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Resistance training and locomotor recovery

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    Resistance training and locomotor recovery

    Spinal Cord. 2007 Jul;45(7):522-30. Epub 2007 Jan 16. Related Articles, Links


    Resistance training and locomotor recovery after incomplete spinal cord injury: a case series.

    Gregory CM, Bowden MG, Jayaraman A, Shah P, Behrman A, Kautz SA, Vandenborne K.

    NF/SG Veterans Health System, Brain Rehabilitation Research Center, Gainesville, FL, USA.

    STUDY DESIGN: Longitudinal intervention case series. OBJECTIVE: To determine if a 12-week resistance and plyometric training program results in improved muscle function and locomotor speed after incomplete spinal cord injury (SCI). SETTING: University research setting. METHODS: Three ambulatory individuals with chronic (18.7+/-2.2 months post injury) motor incomplete SCI completed 12 weeks of lower extremity resistance training combined with plyometric training (RPT). Muscle maximum cross-sectional area (max-CSA) of the knee extensor (KE) and plantar flexor (PF) muscle groups was determined using magnetic resonance imaging (MRI). In addition, peak isometric torque, time to peak torque (T (20-80)), torque developed within the initial 220 ms of contraction (torque(220)) and average rate of torque development (ARTD) were calculated as indices of muscle function. Maximal as well as self-selected gait speeds were determined pre- and post-RPT during which the spatio-temporal characteristics, kinematics and kinetics of gait were measured. RESULTS: RPT resulted in improved peak torque production in the KE (28.9+/-4.4%) and PF (35.0+/-9.1%) muscle groups, as well as a decrease in T(20-80), an increased torque(220) and an increase ARTD in both muscle groups. In addition, an increase in self-selected (pre-RPT=0.77 m/s; post-RPT=1.03 m/s) and maximum (pre-RPT=1.08 m/s; post-RPT=1.47 m/s) gait speed was realized. Increased gait speeds were accompanied by bilateral increases in propulsion and hip excursion as well as increased lower extremity joint powers. CONCLUSIONS: The combination of lower extremity RPT can attenuate existing neuromuscular impairments and improve gait speed in persons after incomplete SCI.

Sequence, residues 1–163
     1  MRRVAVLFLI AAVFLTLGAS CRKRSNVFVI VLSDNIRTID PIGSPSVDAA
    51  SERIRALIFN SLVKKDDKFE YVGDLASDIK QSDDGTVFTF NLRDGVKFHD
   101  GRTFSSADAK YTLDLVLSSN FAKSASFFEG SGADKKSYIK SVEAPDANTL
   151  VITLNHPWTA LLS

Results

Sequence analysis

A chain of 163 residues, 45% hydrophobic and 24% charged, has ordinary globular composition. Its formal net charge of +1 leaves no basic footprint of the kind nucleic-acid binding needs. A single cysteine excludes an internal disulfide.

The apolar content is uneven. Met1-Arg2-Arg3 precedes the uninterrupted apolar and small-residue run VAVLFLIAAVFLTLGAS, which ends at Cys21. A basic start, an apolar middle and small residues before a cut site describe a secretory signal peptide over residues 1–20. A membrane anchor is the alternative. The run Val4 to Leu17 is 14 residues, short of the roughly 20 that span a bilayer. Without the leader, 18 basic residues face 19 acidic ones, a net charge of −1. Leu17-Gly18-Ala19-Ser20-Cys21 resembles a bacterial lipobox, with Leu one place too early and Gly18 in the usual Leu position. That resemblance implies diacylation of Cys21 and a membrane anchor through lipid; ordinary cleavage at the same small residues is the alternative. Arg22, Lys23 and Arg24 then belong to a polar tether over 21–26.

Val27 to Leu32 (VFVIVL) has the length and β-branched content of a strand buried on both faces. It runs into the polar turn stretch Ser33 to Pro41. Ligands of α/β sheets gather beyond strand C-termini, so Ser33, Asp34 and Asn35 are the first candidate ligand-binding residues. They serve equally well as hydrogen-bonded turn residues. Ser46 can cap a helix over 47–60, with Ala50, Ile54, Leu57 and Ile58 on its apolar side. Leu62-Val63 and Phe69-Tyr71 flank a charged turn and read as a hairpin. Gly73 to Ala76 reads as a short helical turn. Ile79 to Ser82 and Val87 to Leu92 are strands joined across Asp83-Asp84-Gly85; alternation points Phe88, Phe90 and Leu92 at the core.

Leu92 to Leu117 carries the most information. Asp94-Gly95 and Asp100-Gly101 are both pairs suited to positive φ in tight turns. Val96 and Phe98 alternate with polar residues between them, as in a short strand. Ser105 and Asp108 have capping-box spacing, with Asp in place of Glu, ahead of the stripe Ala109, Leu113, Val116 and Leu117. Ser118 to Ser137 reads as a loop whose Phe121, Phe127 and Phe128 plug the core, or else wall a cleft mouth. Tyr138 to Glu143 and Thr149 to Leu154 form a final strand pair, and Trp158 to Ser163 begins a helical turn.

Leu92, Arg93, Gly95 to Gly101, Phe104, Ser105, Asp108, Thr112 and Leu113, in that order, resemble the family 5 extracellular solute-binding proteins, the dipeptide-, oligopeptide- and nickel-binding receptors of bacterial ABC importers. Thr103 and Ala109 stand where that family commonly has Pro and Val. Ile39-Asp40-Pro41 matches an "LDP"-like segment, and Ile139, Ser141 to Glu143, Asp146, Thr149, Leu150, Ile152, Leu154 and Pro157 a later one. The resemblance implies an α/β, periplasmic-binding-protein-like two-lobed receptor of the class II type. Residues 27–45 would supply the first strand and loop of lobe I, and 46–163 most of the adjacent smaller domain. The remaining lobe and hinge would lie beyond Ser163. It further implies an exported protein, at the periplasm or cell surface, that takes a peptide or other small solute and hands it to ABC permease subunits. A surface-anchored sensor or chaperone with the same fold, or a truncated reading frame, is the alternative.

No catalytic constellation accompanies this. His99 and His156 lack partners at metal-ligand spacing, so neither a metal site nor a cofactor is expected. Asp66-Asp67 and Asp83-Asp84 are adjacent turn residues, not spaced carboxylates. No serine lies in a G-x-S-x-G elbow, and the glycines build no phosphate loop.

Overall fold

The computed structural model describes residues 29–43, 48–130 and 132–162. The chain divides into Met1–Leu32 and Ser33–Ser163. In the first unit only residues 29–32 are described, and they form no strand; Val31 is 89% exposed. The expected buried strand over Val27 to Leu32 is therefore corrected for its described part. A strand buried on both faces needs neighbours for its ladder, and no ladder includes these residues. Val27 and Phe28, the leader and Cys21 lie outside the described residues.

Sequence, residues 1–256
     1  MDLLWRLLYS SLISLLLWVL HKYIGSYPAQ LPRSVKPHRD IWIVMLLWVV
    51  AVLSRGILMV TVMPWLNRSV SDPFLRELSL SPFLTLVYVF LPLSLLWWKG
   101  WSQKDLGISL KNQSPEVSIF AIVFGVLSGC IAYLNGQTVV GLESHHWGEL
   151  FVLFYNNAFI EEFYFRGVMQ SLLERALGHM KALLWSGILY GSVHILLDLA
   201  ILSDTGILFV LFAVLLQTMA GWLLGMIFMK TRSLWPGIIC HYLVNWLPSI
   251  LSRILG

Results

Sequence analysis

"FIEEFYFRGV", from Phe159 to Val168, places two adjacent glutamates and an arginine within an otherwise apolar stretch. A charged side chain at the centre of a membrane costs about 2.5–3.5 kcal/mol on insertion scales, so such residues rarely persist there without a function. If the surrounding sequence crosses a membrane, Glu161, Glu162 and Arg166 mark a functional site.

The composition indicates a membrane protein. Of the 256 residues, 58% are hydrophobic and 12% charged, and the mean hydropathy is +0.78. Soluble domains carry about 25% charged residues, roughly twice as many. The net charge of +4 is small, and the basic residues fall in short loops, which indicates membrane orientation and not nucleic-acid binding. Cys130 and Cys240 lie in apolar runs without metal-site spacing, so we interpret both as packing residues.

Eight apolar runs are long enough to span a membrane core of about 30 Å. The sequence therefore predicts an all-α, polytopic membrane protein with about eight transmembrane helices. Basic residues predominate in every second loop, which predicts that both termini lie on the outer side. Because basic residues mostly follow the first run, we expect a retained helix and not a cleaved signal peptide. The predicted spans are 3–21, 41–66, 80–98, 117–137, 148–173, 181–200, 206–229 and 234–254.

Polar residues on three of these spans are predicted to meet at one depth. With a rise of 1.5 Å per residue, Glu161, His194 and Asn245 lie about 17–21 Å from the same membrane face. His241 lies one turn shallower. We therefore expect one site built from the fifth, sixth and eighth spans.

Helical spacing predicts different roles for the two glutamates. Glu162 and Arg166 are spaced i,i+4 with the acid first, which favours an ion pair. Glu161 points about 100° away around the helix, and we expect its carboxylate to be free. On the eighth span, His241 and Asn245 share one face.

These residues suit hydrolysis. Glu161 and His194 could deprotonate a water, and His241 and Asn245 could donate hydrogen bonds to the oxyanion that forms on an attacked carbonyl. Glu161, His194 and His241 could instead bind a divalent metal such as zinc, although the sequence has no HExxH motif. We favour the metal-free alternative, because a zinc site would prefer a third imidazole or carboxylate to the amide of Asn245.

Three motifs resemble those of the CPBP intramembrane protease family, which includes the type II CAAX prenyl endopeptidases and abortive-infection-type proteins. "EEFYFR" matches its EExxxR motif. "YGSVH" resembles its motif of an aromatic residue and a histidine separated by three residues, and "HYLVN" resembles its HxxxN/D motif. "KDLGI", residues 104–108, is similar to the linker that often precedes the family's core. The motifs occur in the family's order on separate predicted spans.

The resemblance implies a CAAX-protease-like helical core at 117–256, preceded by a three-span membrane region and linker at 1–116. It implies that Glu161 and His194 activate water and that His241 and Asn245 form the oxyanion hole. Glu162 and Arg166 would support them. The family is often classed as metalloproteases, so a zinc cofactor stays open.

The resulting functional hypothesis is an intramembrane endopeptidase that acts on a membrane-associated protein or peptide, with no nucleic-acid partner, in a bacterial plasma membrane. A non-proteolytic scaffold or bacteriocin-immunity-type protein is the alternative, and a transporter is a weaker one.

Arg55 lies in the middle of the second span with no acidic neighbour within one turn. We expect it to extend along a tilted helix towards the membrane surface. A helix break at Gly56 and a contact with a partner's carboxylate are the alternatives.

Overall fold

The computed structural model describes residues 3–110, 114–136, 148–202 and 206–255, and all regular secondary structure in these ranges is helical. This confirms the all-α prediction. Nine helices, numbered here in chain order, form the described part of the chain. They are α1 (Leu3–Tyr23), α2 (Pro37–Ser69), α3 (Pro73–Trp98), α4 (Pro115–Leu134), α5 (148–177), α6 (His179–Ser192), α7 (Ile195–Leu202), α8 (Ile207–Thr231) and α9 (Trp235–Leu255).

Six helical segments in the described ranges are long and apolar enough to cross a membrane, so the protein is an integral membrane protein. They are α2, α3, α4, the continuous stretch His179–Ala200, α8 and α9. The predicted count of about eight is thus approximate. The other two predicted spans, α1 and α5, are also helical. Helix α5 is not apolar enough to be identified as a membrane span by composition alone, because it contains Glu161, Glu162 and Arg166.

http://www.ncbi.nlm.nih.gov/sites/en...ubmed_RVDocSum
    “As the cast of villains in SCI is vast and collaborative, so too must be the chorus of hero's that rise to meet them” Ramer et al 2005
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